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    Sea Wall

     

     

    Sea Wall is a 3D printed modular green infrastructure aiming to defend, adapt and mitigate sea-level rise by robotic fabrication for pre-fabrication as well as construction sites. It will be deployed on the waterfront in multiple scales of the freeway 101 in the Bay Area, providing and sustaining habitats for sorts of species that have lost their homes due to global warming and water pollution.

  • Materiality

    Material and formal studies, such as constructed landscape permeability and bio strategies, along with local aquatic organism studies have been investigated to inform the physical forms of the design and texture, in order to justify the concept of cohabitation and sea level rise control.

     

    Academic Study Example - Tsing Yi 2100

    Approach

    The porous structure of the prototype requires advanced fabrication skills for manufacturing. Explorations of 3D printed construction materials such as clays, geopolymer cement and carbon fiber and approaches of how to achieve it - carving, casting or assembling are our next steps. It is possible to use mixed materials to increase strength and durability of the composite materials

    Building

    The main advantages to use the 3D-printing technology for building structures include the ability to achieve a more complex geometric structure, quicker construction, lower labor and construction costs, and produce less waste.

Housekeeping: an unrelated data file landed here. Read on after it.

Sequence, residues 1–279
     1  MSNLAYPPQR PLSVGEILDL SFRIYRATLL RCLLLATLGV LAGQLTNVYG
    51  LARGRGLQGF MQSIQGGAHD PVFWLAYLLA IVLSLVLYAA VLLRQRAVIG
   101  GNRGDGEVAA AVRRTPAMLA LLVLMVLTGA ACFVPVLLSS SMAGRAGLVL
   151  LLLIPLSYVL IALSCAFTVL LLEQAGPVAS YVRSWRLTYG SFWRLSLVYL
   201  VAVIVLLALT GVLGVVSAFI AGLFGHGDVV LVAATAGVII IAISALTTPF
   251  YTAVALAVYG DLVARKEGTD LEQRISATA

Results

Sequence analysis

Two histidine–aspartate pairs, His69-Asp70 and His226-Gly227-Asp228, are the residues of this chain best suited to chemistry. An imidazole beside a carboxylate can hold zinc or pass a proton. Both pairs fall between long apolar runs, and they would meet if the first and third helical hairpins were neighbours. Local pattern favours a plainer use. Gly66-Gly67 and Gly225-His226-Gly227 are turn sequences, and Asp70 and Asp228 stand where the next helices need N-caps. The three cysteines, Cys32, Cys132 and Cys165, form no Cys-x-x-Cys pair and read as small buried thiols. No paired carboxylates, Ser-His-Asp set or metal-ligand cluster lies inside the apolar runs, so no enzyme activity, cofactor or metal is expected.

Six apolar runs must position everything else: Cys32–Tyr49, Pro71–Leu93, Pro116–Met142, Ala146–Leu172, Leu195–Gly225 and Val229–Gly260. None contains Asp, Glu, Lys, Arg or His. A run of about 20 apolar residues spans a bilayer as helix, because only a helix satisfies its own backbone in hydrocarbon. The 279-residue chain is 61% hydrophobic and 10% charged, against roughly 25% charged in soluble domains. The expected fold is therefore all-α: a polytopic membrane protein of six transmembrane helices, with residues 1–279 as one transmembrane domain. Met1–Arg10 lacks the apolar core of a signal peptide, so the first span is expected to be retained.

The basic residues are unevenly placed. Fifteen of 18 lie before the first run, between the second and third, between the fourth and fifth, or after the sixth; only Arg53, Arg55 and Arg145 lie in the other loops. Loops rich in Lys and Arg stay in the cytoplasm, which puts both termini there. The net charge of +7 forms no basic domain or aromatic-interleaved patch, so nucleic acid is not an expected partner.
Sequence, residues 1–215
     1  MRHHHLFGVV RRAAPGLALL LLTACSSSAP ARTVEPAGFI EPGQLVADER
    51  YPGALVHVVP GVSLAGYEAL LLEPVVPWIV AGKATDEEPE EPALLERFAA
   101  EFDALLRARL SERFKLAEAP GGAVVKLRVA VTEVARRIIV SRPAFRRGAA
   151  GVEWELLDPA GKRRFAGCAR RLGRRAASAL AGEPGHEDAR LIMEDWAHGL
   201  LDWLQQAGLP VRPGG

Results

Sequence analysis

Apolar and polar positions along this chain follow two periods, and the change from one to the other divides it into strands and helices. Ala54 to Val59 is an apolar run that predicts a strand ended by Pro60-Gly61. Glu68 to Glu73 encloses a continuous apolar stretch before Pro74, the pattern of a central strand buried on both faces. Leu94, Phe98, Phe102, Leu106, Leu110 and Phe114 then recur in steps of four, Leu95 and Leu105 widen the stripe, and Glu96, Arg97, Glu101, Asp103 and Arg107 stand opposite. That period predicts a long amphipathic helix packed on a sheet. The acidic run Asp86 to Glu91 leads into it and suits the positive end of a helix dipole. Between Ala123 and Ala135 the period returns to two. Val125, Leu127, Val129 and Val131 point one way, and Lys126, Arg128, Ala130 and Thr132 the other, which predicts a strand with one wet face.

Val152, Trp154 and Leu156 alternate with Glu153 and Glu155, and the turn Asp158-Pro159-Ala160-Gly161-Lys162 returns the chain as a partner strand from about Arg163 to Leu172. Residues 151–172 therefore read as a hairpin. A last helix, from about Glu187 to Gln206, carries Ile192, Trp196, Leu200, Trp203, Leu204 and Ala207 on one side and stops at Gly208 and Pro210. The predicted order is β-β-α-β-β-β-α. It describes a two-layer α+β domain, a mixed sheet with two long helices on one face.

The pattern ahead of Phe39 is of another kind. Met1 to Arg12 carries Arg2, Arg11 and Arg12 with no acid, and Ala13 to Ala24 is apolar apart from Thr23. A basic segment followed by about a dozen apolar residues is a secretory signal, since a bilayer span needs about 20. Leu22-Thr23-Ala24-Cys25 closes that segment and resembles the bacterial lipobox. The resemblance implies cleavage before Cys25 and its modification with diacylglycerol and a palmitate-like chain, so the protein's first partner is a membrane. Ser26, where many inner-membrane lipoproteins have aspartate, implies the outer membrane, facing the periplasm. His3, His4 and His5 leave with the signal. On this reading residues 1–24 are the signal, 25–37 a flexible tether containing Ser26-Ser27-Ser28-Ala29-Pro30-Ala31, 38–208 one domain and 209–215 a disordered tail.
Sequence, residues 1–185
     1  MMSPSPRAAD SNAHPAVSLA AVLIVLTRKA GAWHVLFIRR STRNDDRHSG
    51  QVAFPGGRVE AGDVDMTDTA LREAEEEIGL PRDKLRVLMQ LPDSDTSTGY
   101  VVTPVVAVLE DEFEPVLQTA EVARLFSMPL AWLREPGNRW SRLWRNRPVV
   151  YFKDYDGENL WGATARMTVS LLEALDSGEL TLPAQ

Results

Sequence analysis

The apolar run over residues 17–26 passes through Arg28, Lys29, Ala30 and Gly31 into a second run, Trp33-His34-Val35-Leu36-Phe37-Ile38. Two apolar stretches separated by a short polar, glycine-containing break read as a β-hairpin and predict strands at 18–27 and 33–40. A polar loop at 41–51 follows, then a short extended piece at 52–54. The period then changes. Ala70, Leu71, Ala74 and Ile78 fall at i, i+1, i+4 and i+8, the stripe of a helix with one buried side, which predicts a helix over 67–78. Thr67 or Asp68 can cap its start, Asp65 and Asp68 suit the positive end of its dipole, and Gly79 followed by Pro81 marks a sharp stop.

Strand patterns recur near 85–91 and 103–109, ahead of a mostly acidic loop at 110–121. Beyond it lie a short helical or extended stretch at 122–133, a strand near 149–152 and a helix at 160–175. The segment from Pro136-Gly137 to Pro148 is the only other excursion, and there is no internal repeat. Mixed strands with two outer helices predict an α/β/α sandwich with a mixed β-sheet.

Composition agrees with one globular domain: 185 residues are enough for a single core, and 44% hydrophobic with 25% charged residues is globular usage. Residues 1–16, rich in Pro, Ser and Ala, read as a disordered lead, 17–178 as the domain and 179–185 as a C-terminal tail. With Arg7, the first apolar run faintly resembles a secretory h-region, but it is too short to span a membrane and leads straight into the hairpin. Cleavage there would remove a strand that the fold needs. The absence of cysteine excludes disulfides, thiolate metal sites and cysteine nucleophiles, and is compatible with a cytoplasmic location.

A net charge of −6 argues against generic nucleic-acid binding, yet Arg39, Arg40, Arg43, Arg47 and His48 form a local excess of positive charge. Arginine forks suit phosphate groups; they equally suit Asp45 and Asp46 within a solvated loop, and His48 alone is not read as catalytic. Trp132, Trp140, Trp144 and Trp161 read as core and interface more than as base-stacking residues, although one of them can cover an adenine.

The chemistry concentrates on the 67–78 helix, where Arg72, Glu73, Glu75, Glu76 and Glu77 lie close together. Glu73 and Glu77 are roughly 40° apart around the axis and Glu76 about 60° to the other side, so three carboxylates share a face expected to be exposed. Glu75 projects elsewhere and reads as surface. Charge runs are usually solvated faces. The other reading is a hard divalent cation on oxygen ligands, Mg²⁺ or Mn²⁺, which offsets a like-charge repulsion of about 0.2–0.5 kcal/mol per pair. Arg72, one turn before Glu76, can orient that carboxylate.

Advantages

    Investment in green infrastructure is huge in the Bay Area. The constructions often take a lot of time and resources and most of them are actually violations of environment. Combined with technology innovation the Sea Wall would significantly increase the effectiveness by robotic fabrication, which eventually costs less time and money.

  • Team

    Lili Dai conceptualized and did the preliminary research of Sea Wall during Spring 2019 and Elnaz Tafrihi joined the team in Fall 2019. Together, they are working on exploring the logistics of robotic fabrication of construction materials for environmental problems worldwide. We are currently on the residency of CITRIS Foundry at UC Berkeley and we are seeking all sorts of resources in the near future.

    Lili Dai | Designer

    expertise: Strategy and Implementation, Landscape Architecture and Planning, Material Design

    Lili Dai is an industrial designer and landscape architect. Emerging from an architecture background, she explores the complexities between environmental problems and design in various media. Graduated with Master of Urban Design from UC Berkeley, she worked at a number of practices internationally, from China, the US, Denmark to the Philippines. She and her projects win numbers of awards including The Skidmore, Owings & Merrill (SOM) Foundation Fellowship and American Planning Association (APA) Smart Cities Award.

    Elnaz Tafrihi | Fabricator

    expertise: Architecture and Building Science, Technology and Sustainability, Additive Manufacturing

    Elnaz Tafrihi is a designer and a PhD student in Building Science program at UC Berkeley college of environmental design. Elnaz is experienced in different Additive manufacturing techniques and combining that with 3D scanning. She has experience in programming and electronics, and she is proficient in 3D modeling and visual programming such as Rhinoceros, Grasshopper, Autodesk Revit. After receiving her Masters in design studies from Harvard, Elnaz worked in the energy consulting field on large scale projects including the Tianjin Juilliard School of Music, Dubai Expo 2020, and the Houston Museum of Fine Arts. She has won several significant awards in architecture and engineering, including the T.Y Lin Prize in Architecture and Engineering and ASHRAE Eric Thor Andresen Memorial Scholarship.

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